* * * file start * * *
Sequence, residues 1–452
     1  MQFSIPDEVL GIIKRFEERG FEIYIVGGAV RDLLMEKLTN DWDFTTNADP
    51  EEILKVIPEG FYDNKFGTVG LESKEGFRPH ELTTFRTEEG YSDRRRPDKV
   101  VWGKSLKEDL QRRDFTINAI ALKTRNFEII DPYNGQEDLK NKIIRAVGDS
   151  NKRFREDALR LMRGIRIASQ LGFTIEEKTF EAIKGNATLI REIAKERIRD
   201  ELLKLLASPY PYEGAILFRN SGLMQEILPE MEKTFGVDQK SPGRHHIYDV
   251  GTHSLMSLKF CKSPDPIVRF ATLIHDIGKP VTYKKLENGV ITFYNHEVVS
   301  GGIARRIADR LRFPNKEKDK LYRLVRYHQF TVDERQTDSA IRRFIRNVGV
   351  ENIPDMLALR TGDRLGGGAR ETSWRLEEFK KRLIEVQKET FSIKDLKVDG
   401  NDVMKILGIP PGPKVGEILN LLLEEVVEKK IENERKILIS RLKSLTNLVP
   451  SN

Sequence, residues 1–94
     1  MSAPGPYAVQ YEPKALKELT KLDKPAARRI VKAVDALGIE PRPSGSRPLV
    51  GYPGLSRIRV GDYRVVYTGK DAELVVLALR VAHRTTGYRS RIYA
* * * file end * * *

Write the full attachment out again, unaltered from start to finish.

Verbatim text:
Sequence, residues 1–452
     1  MQFSIPDEVL GIIKRFEERG FEIYIVGGAV RDLLMEKLTN DWDFTTNADP
    51  EEILKVIPEG FYDNKFGTVG LESKEGFRPH ELTTFRTEEG YSDRRRPDKV
   101  VWGKSLKEDL QRRDFTINAI ALKTRNFEII DPYNGQEDLK NKIIRAVGDS
   151  NKRFREDALR LMRGIRIASQ LGFTIEEKTF EAIKGNATLI REIAKERIRD
   201  ELLKLLASPY PYEGAILFRN SGLMQEILPE MEKTFGVDQK SPGRHHIYDV
   251  GTHSLMSLKF CKSPDPIVRF ATLIHDIGKP VTYKKLENGV ITFYNHEVVS
   301  GGIARRIADR LRFPNKEKDK LYRLVRYHQF TVDERQTDSA IRRFIRNVGV
   351  ENIPDMLALR TGDRLGGGAR ETSWRLEEFK KRLIEVQKET FSIKDLKVDG
   401  NDVMKILGIP PGPKVGEILN LLLEEVVEKK IENERKILIS RLKSLTNLVP
   451  SN

Sequence, residues 1–94
     1  MSAPGPYAVQ YEPKALKELT KLDKPAARRI VKAVDALGIE PRPSGSRPLV
    51  GYPGLSRIRV GDYRVVYTGK DAELVVLALR VAHRTTGYRS RIYA